At the end of the day, reflection on that day’s worth of checking off urgent tasks doesn’t bring that satisfying feeling of accomplishment; rather I notice feelings of regret for having made busyness my business (see Russ Harris’s The Confidence Gap on noticing feelings and acceptance and commitment therapy [ACT]).
The 3 x 7 piece of paper pictured below is the only thing that I ever write by hand. This is part of my morning work ritual. It’s comprised of a few practices from authors on work and productivity (Chris Bailey, Gary Keller, Brian Tracy, Morten Hansen, Cal Newport, Peter Bregman, and Stephen Covey).
I ask myself:
- What are three things that, if accomplished today, would make me satisfied with today’s work?
- What is a missed opportunity from yesterday — something I identified as being important, but did not accomplish for one reason or another?
- What is the one thing that I can do such that by doing it everything else will be easier or unnecessary?
- If all my tasks are things I need to eat, which is ‘the frog’ (i.e., the one I don’t want to eat); or, which of my important tasks am I most likely to procrastinate doing?
- Then, at the bottom, I brain dump all the things I have to do, important or not, urgent or not, work related or not.
Also, I have Covey’s time-management quadrant depicted in the upper right corner to help me remember that some things, though urgent, are not important. And other things, though important, may not be urgent (and thus are easy to not do).
And the really nice thing is that this pen-to-paper practice is becoming more and more routinized; it’s become easier for me to begin with this practice of identifying the “ONE Thing” (by Gary Keller) that adds the most value to my clients and the firm.
But what I would argue is more important than just the routine is that I accomplish the more important, value-add tasks.
How to establish habits and routines
Routines are sequences of regularly followed actions. Specific routines, for example a morning routine, is also time-bound.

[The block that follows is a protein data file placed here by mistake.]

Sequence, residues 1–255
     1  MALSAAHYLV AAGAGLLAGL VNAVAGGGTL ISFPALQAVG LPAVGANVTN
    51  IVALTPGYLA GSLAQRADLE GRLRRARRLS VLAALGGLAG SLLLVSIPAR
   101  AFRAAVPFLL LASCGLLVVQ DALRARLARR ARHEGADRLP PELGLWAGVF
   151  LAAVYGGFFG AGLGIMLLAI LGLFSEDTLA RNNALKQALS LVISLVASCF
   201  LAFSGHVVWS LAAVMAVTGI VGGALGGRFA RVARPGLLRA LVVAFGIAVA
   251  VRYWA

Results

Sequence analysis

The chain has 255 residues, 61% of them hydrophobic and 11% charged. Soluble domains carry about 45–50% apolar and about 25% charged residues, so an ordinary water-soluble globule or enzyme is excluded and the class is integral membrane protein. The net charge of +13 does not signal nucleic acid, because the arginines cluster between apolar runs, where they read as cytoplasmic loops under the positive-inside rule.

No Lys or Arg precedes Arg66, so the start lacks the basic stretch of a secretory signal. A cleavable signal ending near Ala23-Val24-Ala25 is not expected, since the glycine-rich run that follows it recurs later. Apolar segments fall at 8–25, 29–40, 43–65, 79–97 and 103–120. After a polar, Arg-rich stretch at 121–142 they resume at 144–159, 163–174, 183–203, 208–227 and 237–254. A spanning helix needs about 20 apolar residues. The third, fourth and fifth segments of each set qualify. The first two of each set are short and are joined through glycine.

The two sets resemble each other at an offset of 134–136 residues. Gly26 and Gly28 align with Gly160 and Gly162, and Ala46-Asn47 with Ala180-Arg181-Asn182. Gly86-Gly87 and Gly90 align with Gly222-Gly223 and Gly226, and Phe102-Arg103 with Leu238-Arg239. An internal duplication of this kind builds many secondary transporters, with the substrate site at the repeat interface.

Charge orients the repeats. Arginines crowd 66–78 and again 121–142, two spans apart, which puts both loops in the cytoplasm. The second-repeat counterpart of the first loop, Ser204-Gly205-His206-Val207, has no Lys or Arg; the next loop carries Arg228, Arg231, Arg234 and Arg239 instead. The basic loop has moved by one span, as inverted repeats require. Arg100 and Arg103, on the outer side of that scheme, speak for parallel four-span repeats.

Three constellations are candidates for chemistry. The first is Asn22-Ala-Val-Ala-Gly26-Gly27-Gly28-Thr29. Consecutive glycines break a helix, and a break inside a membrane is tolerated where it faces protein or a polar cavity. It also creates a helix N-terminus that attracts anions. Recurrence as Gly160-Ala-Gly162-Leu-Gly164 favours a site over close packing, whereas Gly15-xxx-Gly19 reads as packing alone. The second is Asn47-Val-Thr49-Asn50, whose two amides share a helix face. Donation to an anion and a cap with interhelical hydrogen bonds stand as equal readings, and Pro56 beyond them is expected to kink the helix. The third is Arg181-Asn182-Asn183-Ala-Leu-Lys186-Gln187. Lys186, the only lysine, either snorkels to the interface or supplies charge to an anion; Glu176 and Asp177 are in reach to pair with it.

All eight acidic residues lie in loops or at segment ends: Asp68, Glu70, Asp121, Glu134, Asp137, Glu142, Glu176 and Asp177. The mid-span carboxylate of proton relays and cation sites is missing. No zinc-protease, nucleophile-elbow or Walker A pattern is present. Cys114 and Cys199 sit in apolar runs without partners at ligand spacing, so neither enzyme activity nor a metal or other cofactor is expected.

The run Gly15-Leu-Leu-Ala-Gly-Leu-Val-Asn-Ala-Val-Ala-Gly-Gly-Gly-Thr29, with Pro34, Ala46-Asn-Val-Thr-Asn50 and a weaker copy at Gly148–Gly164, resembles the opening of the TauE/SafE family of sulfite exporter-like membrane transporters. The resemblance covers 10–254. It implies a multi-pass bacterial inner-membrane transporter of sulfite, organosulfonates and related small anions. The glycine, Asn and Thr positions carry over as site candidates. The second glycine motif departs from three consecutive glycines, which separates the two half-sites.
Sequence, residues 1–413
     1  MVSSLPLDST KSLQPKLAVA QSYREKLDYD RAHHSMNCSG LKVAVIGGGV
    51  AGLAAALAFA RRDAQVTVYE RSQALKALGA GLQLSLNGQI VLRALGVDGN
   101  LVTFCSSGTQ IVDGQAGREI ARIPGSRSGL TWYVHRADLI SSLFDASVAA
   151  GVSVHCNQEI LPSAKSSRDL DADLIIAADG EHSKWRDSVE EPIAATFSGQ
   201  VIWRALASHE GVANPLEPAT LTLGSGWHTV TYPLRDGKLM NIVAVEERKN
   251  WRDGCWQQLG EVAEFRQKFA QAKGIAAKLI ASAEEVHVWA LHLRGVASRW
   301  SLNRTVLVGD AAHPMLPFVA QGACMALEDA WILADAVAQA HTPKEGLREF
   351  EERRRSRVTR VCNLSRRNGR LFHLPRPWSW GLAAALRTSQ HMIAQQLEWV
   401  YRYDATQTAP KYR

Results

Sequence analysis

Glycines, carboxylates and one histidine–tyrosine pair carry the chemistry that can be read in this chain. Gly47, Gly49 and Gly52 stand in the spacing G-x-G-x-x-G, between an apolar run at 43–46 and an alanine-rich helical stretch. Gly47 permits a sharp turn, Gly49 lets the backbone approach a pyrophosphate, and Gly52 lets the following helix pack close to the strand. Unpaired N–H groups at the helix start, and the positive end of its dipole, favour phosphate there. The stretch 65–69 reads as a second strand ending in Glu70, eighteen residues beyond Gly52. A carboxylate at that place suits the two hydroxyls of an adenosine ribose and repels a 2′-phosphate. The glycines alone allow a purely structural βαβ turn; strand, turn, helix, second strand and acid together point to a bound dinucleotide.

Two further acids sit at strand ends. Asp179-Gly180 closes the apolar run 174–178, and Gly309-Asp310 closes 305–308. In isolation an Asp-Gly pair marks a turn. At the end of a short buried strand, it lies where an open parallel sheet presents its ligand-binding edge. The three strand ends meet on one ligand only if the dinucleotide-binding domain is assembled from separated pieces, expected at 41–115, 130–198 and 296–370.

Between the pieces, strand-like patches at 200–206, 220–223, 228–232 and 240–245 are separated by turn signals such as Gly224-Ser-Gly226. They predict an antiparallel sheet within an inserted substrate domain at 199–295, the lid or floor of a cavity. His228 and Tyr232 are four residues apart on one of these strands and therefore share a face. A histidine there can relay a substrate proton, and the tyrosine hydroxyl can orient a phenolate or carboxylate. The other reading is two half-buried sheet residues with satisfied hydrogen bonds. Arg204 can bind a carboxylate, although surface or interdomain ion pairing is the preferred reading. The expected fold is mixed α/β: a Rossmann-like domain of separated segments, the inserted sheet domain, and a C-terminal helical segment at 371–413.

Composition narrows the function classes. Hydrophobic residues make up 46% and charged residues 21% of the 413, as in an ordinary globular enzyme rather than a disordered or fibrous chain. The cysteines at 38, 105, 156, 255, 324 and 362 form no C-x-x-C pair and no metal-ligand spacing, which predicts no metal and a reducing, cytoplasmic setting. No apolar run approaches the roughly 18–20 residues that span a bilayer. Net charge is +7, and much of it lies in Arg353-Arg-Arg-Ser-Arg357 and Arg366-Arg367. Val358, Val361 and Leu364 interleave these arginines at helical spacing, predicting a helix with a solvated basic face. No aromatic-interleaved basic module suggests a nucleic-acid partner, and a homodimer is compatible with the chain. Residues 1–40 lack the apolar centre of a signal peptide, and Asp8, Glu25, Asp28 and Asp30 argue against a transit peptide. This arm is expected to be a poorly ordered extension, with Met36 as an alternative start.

Habits are actions that may take place at different times during your day but are always carried out. An aspect of a routine can be a habit — but not all habits are defined within a routine (kinda like all squares are rectangles, but not all…you get it).
If you’re just getting started with establishing either/both to accomplish a goal, I would suggest working toward building a habit first, by habit stacking.
Identify something you’re already doing and make a tiny, easily palatable adjustment to which you can commit that moves you toward your goal.
Once you’re comfortable with that adjustment, make another small change, until you ultimately get to the habit you want to establish.
Continually analyze those habits and routines
Habits and routines are most effective when they’re part of a reflective loop. By periodically and regularly checking in on our routines, we right the ship.
In order to evaluate if the efforts you’re putting into your habits and routines are getting you closer to your end-goal, you should continually revisit the following questions:
- What is the purpose of this (habit/routine)? How do I want this to serve me?
- Is this working? How should I tweak this to better accomplish my goal?
- Should I quit it?
That third question is important to consider — dropping practices/routines are just as important as picking up new ones.
The problem I sometimes have is becoming too vested in a routine itself instead of the goal of that routine — it becomes an end in itself rather than the means it should be. That’s often a fault of people known as productivityists — people obsessed with productivity but may not actually be producing anything, just thinking and talking about productivity. (I’ve been a productivityist at various points.)
By continually reviewing your habits and routines — whether you choose that to be on a weekly, monthly, or bimonthly basis — you’ll be able to gauge the progress you’re making toward your end goal.
Just remember, doing the ‘important’ — and often hard — things over and over again actually changes your brain (through myelination), so that habit becomes easier with time and helps you accomplish your goals. As if you had superpowers.
“We are what we repeatedly do.” —Aristotle